Social Networks for the Older Crowd
Social networking isn't just for kids. Online communities catering to baby-boomers are blossoming.
EDITOR'S NOTE: This article was originally published in the January 2009 issue of Kiplinger's Retirement Report. To subscribe, click here.Online social networks aren't just for kids. Just ask Malinda Crispin, 66, an American expatriate living near Tours, France. A year ago, she was scouring the Internet to find information on two different topics: traveling in Thailand and plastic surgery. Crispin stumbled upon some relevant discussion groups, but quickly lost interest in them.
"It was all 25-year-olds chatting about having their buns lifted and things like that," she says, laughing. "I wanted to find out what mature women thought, but I just couldn't find anything."
After more Web sleuthing, Crispin found online communities more to her liking, including TeeBeeDee (www.tbd.com), a site for the 40-and-older crowd. Crispin, a widow, is now a TeeBeeDee regular who participates in nearly 40 discussion groups ranging from Celtic culture to vegetarianism.
When someone makes an interesting or witty comment during a discussion, Crispin will click on the member's profile. She sometimes uses a feature that alerts her by e-mail when the member posts new messages. She may then send a message directly to that member. "This enables me to interact and get to know that person better," she says.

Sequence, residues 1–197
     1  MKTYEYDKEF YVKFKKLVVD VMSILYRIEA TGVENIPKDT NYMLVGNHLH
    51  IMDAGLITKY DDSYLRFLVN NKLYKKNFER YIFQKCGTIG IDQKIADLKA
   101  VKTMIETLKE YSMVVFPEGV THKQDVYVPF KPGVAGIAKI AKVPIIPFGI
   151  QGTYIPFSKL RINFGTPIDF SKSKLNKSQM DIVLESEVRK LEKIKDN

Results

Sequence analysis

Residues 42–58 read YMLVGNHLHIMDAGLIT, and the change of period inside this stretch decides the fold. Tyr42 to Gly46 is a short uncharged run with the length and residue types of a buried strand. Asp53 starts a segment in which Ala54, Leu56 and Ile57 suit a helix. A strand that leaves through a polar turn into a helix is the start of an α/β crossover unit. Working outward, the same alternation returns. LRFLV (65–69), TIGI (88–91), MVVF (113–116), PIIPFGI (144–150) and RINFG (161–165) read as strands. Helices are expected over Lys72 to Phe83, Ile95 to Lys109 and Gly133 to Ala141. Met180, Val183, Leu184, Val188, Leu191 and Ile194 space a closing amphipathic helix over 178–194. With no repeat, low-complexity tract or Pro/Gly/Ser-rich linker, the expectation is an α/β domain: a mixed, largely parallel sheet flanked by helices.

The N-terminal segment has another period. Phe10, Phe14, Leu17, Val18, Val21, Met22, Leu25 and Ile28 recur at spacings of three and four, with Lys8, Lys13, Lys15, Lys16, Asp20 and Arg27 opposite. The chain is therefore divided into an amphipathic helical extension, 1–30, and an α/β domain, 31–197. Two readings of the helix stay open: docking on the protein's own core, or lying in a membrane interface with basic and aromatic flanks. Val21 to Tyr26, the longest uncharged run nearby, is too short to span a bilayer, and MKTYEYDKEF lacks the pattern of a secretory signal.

Youth-oriented online social networks such as MySpace and Facebook get most of the media spotlight. But a growing number of social networks aim at a more seasoned demographic, particularly baby-boomers, the oldest of whom are in their early sixties. Besides TeeBeeDee, sites include Boomertown, Boomj, Boomster, Eons and ReZoom.
An online social network is an Internet site where like-minded individuals chat, blog, offer advice, share experiences, and exchange photos and videos. Some members even meet in person after developing online relationships.
Like Crispin, the users of these Web sites are searching for people who are at the same stage in life. Writers offer tips on staying fit after 50, dealing with ungrateful adult children, dating after divorce, retiring abroad, providing care to frail parents and grieving after the death of a spouse. Membership is free, but you must provide your name and e-mail address, and sometimes more information, to join.
There are more Web users ages 55 and older (38 million) than there are between the ages of 18 and 34 (33 million), according to research firm Nielsen Online. Given those statistics, industry executives say it's no surprise that online communities are springing up to serve an older, yet Web-savvy, crowd. "Many people tried Facebook because their kids are on it, and now they're trying sites that are more suited to them," says Robin Wolaner, chief executive officer and founder of TeeBeeDee. Wolaner launched Parenting magazine two decades ago.
From Romance to Crockpots